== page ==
Windows 10 users can run web apps that require ActiveX controls, but it entails a few tweaks—and forgoing Microsoft Edge.
Microsoft Edge, Windows 10's new default web browser, doesn't support ActiveX, DirectX filters, VML vector graphics, or VBScript. But upgrading to Windows 10 doesn't mean your organization's legacy web apps won't work.
To ensure that Windows 10 was compatible with older applications (such as those that require an ActiveX control), Microsoft included Internet Explorer 11 with the new operating system. However, before you can run ActiveX controls safely, you'll need to tweak IE 11's settings.
Tweaking the settings
To get started, click IE 11's cog icon and select Internet Options (Figure A).
Next, select the Security tab in the upper-left corner and click Trusted Sites (Figure B).
Now, click the Sites button to open the dialog box shown in Figure C. Here, you can specify the trusted URLs—the ones linked to your legacy corporate apps. You can enter a specific URL or just a domain. In some instances, using a wildcard (*) and the domain is sufficient because hopefully anything running on your domain is trusted. An example would be "*.techrepublic.com." Be sure to check the box that will require server verification on https connections. When you're done, click OK.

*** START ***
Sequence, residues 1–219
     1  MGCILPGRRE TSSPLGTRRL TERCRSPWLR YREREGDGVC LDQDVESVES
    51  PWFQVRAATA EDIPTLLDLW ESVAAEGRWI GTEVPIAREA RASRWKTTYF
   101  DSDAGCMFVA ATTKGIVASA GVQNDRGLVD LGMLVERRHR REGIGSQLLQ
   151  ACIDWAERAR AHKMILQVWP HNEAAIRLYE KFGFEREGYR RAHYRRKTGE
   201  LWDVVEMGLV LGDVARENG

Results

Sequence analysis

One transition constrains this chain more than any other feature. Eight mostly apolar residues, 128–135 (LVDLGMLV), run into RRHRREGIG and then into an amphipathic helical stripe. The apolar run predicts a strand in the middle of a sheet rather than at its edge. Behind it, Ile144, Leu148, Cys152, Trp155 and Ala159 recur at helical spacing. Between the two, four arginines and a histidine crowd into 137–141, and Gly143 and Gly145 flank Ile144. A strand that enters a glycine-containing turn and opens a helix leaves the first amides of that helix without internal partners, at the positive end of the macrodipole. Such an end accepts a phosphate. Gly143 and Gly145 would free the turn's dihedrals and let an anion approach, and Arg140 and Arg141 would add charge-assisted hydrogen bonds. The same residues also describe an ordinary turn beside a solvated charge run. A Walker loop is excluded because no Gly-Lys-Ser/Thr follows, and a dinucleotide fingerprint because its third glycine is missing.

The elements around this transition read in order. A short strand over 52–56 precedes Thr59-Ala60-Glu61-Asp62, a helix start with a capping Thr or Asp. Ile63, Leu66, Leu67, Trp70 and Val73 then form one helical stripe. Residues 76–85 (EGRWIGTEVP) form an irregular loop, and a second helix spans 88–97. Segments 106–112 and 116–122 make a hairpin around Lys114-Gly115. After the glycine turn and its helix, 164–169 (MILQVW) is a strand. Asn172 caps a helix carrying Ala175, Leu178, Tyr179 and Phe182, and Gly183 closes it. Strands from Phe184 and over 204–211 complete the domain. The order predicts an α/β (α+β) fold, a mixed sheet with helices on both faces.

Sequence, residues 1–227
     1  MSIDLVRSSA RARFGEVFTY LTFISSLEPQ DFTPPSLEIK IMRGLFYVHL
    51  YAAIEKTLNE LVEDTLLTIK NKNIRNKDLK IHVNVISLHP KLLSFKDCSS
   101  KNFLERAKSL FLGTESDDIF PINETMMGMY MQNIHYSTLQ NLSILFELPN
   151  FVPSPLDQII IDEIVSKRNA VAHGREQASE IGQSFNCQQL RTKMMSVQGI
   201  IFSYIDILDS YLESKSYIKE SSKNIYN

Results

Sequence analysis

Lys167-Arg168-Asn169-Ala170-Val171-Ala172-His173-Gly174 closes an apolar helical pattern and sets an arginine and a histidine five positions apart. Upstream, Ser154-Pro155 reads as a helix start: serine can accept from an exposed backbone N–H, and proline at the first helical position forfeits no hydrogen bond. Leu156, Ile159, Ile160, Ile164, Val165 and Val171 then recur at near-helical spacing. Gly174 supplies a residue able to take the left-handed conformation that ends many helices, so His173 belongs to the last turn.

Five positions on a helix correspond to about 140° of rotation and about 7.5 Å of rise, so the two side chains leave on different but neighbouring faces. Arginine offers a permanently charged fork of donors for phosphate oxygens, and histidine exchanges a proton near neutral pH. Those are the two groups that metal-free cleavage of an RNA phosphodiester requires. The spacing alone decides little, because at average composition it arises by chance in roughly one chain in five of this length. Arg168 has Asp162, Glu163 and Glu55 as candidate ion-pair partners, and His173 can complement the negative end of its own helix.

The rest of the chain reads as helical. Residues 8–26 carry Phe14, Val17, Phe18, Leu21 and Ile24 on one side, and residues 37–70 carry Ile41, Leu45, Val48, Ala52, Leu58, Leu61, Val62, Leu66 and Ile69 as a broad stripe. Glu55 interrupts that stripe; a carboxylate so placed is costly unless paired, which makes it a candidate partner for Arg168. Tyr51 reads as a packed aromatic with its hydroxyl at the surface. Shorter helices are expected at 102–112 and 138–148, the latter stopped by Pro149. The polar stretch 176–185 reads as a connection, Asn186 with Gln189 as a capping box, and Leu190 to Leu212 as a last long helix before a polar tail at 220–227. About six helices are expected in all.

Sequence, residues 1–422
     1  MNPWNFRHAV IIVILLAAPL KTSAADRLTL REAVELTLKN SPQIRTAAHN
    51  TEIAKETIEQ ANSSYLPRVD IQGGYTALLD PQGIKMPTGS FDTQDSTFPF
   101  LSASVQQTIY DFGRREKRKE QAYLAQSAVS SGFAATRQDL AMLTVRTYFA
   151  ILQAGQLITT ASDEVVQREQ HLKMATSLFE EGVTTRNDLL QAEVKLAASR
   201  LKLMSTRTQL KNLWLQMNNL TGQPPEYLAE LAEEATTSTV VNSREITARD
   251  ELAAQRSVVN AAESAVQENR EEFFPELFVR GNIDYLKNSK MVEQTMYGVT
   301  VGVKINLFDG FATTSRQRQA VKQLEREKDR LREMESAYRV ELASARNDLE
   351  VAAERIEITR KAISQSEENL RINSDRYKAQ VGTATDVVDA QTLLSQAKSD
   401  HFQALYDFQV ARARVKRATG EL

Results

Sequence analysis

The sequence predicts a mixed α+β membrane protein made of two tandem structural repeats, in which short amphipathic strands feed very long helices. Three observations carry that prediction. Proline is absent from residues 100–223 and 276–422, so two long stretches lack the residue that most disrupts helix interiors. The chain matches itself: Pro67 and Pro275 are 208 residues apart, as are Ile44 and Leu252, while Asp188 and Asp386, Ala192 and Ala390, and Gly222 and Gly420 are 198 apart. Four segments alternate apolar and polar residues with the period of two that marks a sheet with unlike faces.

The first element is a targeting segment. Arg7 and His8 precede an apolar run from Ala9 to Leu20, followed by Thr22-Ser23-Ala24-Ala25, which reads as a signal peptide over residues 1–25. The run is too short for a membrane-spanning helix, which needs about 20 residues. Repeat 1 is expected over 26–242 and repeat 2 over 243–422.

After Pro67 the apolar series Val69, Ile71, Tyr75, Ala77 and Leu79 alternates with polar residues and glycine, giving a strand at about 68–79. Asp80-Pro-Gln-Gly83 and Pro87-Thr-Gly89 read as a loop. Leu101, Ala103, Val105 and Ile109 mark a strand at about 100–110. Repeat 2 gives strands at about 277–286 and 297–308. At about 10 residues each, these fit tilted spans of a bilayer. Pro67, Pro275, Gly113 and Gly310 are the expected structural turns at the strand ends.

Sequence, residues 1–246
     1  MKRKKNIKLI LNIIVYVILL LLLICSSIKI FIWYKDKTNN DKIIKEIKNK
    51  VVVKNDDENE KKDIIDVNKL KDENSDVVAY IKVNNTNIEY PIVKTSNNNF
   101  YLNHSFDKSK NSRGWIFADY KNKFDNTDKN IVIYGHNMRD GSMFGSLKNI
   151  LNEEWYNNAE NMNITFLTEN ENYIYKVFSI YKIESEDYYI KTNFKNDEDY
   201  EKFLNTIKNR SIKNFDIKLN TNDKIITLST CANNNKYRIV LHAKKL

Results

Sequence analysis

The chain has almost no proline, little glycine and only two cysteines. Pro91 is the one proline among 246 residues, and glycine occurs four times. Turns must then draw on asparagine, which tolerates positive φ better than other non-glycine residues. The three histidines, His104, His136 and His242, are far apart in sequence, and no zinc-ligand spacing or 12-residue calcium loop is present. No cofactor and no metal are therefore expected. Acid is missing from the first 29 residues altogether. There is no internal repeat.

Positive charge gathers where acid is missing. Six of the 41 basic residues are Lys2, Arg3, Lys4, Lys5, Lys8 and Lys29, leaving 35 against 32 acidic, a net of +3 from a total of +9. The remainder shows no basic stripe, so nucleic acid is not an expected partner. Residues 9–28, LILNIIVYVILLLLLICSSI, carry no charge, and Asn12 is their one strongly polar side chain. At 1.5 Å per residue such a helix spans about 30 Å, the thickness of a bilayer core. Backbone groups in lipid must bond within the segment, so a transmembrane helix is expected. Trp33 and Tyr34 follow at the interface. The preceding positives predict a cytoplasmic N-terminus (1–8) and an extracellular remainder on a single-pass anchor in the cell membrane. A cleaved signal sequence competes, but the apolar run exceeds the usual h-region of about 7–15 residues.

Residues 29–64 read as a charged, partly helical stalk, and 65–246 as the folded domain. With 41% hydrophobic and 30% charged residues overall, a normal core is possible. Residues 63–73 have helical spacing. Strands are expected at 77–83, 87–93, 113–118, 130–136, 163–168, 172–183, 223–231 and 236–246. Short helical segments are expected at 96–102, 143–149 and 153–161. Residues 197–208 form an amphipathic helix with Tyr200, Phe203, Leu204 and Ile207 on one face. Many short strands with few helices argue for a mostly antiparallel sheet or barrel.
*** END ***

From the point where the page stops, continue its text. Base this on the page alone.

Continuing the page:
After telling the browser what sites and domains are trusted, you have to go into the ActiveX settings and mark them enabled. To do this, click the green Trusted Sites button and then click Custom Level. You'll see 13 settings under the section labeled ActiveX Controls And Plug-ins (Figure D). You'll need to adjust all of them. Some will be marked Prompt by default, but most will be marked Disable. Go ahead and set them all to Enable. When you reach the last setting, be sure to set the File Downloads option to Enable as well.
All these settings control how your trusted web applications function, by allowing ActiveX controls to run without an issue. The File Download option lets you click within your trusted web apps and allow external files, such as PDF reports, to open from the browser.
With these changes, you can now safely run your legacy web apps on Windows 10. Just remember to adjust your ActiveX settings only for your trusted URLs. Enabling ActiveX controls on your global Internet Explorer settings is a security risk.
Have you tried running your organization's legacy web apps on Windows 10? Share your advice and experiences with fellow TechRepublic members.
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